"Proper" vs "Casual" conversation.
I used to date a girl from mexico (partially sparking my interest in learning Spanish) and one thing she told me was that certain words are only used in proper settings like business meetings. But if you're just hanging out with friends than you wouldn't use that kind of language or you'd sound weird.
One such example was beber vs tomar.
Is this the only case or does it apply to other verbs (or words in general)? If so how do I go about learning more, or all, of these cases?
It can be highly regional too. Tomar is used for to drink a lot in Mexico, but not everywhere in the Spanish-speaking world. In Mexican telenovelas, I've been learning lana for money instead of dinero (or wool which is what lana actually means).
It's better to be able to use and understand more formal speech, then you can learn the informal words, expressions, and slang as you go depending on where you are. People will tell you right away if they think you are using words that are oddly formal. They might laugh at you, but it's all in good fun and it's part of the process of learning.
"Sí, ¡dale!" is best suited for casual situations, not a meeting with a client. Learned that one the hard way. lol
And of course there's "tú" vs "usted" and the associated conjugations.
I was also taught to prefer asking "Otra vez, por favor" over "¿Qué dijiste?" if I didn't hear something the first time, and to avoid the more brusque "¿Qué?"
It's better to be a little more formal than not, especially in a business situation or with people that you don't know. When I worked in a shop many years ago, a spanish-speaker taught me that I should politely say "Permiso" (excuse me) instead of "ándale," which is what I had learned when I was much younger. Luckily, he was good-natured and realized that had been joking a bit.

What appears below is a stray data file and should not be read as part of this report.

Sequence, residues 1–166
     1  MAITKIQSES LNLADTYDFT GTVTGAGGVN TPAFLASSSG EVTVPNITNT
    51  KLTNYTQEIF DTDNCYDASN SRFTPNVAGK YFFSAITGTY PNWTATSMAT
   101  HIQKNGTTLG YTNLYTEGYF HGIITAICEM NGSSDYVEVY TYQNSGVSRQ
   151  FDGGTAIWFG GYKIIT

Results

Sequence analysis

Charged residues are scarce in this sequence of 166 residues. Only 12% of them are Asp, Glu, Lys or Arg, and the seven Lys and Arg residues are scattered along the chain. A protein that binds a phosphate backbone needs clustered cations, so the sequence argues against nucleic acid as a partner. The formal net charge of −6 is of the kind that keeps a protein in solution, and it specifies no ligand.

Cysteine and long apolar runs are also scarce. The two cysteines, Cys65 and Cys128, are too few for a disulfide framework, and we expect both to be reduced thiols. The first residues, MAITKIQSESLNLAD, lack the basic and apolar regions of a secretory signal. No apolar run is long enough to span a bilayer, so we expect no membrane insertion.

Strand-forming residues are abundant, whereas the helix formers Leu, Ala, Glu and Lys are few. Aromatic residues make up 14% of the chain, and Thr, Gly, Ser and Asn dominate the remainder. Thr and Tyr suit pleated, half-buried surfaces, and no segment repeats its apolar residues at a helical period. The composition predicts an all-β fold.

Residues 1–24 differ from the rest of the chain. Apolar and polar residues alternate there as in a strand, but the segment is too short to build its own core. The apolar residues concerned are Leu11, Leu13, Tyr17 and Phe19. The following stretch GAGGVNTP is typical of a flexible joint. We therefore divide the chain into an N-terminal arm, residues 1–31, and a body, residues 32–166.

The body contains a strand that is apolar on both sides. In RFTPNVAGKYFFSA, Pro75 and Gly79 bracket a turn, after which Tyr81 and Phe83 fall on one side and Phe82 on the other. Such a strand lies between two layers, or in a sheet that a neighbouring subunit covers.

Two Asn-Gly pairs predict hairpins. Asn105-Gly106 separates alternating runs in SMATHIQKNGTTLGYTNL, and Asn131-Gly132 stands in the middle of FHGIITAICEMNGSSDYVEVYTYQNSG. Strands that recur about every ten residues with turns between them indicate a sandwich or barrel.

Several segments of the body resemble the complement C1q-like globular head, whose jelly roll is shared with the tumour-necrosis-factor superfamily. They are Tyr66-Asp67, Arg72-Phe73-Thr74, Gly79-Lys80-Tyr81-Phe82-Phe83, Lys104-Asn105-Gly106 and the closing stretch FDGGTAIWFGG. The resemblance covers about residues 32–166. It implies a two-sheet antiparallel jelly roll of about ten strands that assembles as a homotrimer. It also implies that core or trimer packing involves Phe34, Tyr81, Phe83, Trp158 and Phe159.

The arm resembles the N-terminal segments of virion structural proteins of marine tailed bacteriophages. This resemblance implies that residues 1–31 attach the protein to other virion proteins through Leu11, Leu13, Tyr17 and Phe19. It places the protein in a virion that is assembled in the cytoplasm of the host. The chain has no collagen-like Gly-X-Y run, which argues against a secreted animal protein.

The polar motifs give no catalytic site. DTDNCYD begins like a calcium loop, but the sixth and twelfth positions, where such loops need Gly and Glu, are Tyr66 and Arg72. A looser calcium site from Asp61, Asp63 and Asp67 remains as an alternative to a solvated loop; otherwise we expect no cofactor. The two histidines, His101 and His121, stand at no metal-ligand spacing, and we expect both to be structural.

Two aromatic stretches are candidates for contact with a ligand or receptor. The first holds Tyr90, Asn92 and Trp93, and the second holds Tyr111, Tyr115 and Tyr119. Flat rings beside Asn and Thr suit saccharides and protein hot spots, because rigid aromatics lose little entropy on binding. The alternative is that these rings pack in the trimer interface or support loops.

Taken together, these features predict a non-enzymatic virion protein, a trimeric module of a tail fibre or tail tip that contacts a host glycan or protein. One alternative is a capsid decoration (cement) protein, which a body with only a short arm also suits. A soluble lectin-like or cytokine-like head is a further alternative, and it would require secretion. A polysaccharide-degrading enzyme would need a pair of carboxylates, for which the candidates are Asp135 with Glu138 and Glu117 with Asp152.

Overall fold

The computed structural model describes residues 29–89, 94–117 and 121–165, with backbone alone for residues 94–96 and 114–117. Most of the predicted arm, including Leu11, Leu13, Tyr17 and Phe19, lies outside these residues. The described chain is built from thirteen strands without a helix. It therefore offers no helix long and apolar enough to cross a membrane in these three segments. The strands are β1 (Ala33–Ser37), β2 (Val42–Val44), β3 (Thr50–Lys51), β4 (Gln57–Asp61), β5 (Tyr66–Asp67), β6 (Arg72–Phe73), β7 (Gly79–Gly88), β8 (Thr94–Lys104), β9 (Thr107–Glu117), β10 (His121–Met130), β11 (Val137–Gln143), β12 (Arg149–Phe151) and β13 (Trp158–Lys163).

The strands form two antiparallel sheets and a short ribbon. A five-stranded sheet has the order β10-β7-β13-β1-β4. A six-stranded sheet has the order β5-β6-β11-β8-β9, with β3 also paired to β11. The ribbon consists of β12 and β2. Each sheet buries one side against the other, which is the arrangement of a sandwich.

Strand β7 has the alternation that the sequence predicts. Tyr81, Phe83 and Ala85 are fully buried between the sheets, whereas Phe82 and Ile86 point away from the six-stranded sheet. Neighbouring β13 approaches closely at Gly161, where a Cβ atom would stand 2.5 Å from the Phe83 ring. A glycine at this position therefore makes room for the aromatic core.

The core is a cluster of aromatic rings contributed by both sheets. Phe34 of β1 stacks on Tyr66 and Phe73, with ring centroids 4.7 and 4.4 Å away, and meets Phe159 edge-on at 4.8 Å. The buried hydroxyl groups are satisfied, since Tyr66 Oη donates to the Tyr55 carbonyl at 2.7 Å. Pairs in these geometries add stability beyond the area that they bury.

How would you go about learning more?
You will get many clues from news programs, telenovelas and films. Like Elizabeth261736 stated it is also regional. What is acceptable or daily used in México is not used in Costa Rica, Colombia or España. I live in Nueva York (en los estados unidos) and there are many diverse Spanish speakers, and many that I encounter use a very loose, casual style. So I learned some of them just by eavesdropping and paying attention but I also know the proper way because I watch the news when I can. News reporters are obviously not allowed to use slang.
Yes, people will quickly let you know that you don't need to be formal. Eventually as you get more exposure, you recognize that some abbreviated words are often used like 'toy instead of estoy or 'pa instead of para. If you want a fun and some what difficult guide to informal speech just listen to a lot of hip hop music particularly Calle 13.
In all languages there are formal and informal or more relaxed ways of speaking. In this case it's better safe than sorry, especially if you aren't a native speaker and no one expects you to sound native. In business meetings, writing, in a shop or in the airport, etc, it might sound a little off to be extra formal, but that's better than risking to offend someone by being too informal.
Spanish is extremely regional. Some words have very different meanings in different countries, so you will never learn all there is to learn. I'm from Latin America (Uruguay), and sometimes is hard even for us to understand native Spanish speakers from other countries. I have a really hard time with people from Chile.
For example, "coger" in Spain is "to take". In Uruguay "coger" is "to ❤❤❤❤", and is never used as "to take". So Spanish can vary a LOT.
In a language as complex as Spanish it's much more important to learn grammar and verb tenses than to worry about specific words. Master the subjunctive, then worry about contractions and slang.
And watch movies. Lots of movies. Watch an Almodovar movie and then an argentinian movie (Historias salvajes is really god, and there's lots of swearing, that's always fun to learn).